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Figuring the value of software

November 4, 2009 Leave a comment Go to comments

Phil Wainewright’s discussion about the cost of running highly scalable SaaS applications like SuccessFactors comes at the right time. He says:

Speaking in the opening keynote of SIIA OnDemand in San Jose this morning, SuccessFactors CEO Lars Dalgaard let slip a statistic that set several attendees a-twittering. He revealed that the SaaS provider’s multi-tenant application infrastructure supports its 2,850+ customers and 5.4+ million users on just 150 servers.

There’s a bit of information missing here. Are we talking servers as in blades or servers as in racks? Either way it allowed Phil to segue nicely into a SaaS economics 101 argument coupled with the usual swipe at on-premise deployment costs. It’s a fair point and one that isn’t lost on the traditional enterprise players. But it also opens the way to a refinement of that discussion. One that relates to value.

While at SAP TechEd, I met with Thomas Otter, long time SAP solutions architect and now Gartner analyst. We were discussing the SuccessFactors deal at Siemens that should see SuccessFactors deployed to some 420,000 users. By any analysis that’s a HUGE deployment and arguably only possible via SaaS architectures. I am more interested in the sell side economics and asked Thomas what sort of value HR related applications have in the wider market.

He correctly pointed out that HR isn’t viewed as business critical in the same way as ERP but then I countered by suggesting that talent management might be regarded as business critical at a time when it is not only important to staff at the correct levels but ensure you have the right staff. Thomas agreed but also noted that recruitment software selling is tough in current market conditions and, by implication, might have a relatively low cost per user.

As we danced around this topic I wondered what this means for software vendors. Now that Phil has provided us with some facts on SuccessFactors user numbers, we can parse those back to the company’s results. Full year guidance from the company suggests revenue of around $150 million for the year. Taking all customers noted by the company’s CEO in Phil’s quote, that means average annualized deal value of around $52,600. At the user level that equates to a mere $28 per user per annum.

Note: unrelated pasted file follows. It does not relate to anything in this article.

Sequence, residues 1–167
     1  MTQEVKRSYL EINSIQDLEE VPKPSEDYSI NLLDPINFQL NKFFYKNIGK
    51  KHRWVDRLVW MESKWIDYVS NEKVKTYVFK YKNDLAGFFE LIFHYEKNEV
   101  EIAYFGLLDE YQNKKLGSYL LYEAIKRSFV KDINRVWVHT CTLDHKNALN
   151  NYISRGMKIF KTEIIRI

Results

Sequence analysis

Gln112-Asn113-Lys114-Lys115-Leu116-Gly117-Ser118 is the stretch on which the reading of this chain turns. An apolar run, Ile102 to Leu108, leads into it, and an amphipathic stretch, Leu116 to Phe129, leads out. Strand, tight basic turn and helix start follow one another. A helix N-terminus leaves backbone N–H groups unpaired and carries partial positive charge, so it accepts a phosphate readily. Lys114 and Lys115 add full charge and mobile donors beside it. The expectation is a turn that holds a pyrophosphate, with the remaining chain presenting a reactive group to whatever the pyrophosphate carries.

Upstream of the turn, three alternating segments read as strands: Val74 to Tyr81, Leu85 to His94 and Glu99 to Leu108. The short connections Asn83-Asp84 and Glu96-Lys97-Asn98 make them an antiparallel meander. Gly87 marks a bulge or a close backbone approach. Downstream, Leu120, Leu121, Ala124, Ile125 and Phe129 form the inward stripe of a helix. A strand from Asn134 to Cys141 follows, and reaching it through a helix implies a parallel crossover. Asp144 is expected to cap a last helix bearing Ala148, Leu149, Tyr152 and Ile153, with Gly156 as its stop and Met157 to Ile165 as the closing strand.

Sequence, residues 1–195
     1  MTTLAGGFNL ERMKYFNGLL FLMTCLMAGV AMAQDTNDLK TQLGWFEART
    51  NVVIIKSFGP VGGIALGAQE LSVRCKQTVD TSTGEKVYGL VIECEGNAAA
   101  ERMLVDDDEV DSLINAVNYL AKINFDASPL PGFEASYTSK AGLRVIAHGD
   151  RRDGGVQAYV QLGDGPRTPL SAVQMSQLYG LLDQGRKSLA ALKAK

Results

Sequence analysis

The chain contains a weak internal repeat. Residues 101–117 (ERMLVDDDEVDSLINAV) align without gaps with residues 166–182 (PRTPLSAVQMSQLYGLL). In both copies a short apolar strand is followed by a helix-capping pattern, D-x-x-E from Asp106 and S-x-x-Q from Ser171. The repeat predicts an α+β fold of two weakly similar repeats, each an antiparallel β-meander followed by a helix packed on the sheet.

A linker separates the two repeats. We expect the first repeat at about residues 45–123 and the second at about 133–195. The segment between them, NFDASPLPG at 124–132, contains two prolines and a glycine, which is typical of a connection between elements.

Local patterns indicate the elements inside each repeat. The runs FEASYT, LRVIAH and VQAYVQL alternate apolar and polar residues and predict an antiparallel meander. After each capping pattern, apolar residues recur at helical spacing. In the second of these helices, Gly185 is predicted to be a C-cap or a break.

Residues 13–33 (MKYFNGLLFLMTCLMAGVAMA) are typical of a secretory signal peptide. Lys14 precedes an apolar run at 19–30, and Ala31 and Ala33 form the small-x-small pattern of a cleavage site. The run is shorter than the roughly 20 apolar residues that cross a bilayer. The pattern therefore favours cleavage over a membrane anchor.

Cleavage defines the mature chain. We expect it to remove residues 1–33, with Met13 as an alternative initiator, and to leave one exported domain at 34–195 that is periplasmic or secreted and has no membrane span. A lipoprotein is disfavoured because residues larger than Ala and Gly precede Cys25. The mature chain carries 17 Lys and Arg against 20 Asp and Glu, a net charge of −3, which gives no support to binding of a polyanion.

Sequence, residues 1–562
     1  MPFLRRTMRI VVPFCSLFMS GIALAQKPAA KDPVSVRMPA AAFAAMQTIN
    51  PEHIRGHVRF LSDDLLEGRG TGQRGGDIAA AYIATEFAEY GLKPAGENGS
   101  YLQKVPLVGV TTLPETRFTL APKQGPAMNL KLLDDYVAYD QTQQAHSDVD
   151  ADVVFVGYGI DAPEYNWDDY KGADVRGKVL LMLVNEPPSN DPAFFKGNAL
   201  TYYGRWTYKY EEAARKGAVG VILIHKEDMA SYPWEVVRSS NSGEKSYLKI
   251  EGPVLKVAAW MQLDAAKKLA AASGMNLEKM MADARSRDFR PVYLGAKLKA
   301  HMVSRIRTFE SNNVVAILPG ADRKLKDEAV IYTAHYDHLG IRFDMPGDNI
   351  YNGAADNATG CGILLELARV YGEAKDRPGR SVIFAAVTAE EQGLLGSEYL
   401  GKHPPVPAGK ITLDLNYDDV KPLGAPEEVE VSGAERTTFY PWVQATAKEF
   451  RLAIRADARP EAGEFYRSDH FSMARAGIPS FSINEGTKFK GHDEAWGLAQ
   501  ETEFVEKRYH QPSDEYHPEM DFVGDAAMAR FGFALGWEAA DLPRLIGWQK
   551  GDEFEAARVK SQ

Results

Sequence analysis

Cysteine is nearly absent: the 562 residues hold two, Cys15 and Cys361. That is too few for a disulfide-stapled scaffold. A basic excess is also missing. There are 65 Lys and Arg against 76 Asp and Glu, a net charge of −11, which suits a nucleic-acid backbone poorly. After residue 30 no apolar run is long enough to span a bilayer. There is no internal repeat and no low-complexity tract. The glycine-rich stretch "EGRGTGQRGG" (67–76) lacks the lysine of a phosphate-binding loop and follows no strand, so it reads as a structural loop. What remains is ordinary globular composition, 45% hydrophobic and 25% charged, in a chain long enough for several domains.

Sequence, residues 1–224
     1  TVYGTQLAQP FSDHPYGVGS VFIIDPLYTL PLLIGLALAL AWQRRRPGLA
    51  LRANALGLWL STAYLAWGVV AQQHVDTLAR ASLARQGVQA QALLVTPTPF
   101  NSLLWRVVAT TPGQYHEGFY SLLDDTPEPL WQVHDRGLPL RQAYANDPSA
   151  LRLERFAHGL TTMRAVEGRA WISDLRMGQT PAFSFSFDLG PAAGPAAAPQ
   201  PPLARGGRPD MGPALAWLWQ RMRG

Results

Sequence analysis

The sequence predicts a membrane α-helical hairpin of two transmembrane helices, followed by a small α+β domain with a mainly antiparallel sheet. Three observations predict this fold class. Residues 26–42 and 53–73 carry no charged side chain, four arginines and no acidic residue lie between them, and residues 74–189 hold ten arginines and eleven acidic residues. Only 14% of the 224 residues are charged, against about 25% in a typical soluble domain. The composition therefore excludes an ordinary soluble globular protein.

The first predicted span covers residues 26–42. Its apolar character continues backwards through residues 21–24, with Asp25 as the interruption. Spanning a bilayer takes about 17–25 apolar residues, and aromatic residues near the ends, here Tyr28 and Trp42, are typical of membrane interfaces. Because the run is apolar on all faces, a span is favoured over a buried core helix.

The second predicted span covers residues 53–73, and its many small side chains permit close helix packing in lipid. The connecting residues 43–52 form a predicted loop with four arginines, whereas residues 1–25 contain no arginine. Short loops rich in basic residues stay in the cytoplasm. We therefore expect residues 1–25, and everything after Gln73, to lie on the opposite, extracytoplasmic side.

Compare that with the anecdotally quoted average per user cost of an SAP or Oracle customer running ERP: $4,000. And that’s just the license. You can argue as Jim Hagemann Snabe, an executive board member at SAP does that SAP demonstrates its scalability and resilience by being the operational back office for companies like Apple and its AppStore/iTunes. I liked the stat which says SAP runs 75% of mainstream beer production and 65% of the world’s chocolate production. And it is true that for some industries, the fact SAP has to be running with minimal downtime is business critical. But given the stark difference in cost between an admittedly narrow set of functionality such as talent management and ERP, are we honestly supposed to believe that there is a difference equating to a factor of x143? And all that before considering infrastructure, data center etc costs?

The bulk of what sells as ERP is based on accounting. Jim Snabe even referred to Pacioli’s 15 century book-keeping model during his keynote. By now these software should be commodity applications at the functional level. They should be costing the customer no more than a few hundred bucks per user. Especially given that companies like SAP are trying hard to get customers to adopt standard implementations with less or no customizations to the core functionality. But no. All the on-premise vendors continue to assume that a premium applies. That is true all the way through from SAP/Oracle down to those players who sell into the SME market. But wait a minute. We already have SaaS pricing with Business ByDesign ($149/user/month pretty much all you can eat, maintenance and infrastructure included)…but look what that does for Suite pricing?

Financial analysts fear the transition to SaaS will push SAP in particular (but why not Oracle, Infor, Microsoft?) down a path of self immolation. Not any time soon. The trailing service and support revenues from customers is baked into the deals. But here we question value delivered. Mature shops can think in terms of $5,000 amortized cost per support call. Ouch!

So just where is the value of software going to end up being priced? Or does it matter? One view of the SaaS world is it doesn’t matter because the number of deals to be done is so huge, the market so large that there is plenty enough to be mined at bucket shop prices. Monster deals such as Siemens/SuccessFactors should not surprise. Reaching a critical mass of market awareness IS a problem for all but the top handful of vendors. Hence the need for SaaS vendors to spend 60-70% of revenue on marketing activities to achiev e high run rates at break even.

Pricing as my good friend Vinnie likes to point out is a dark art. But with the attention now focused on value and pointers being offered by SuccessFactors, Salesforce.com, Workday, Intacct and others, you have to wonder how long premium on-premise pricing can hold up. If you take that line then the vendors won’t need to self immolate, the market alternatives will simply bowl them over.

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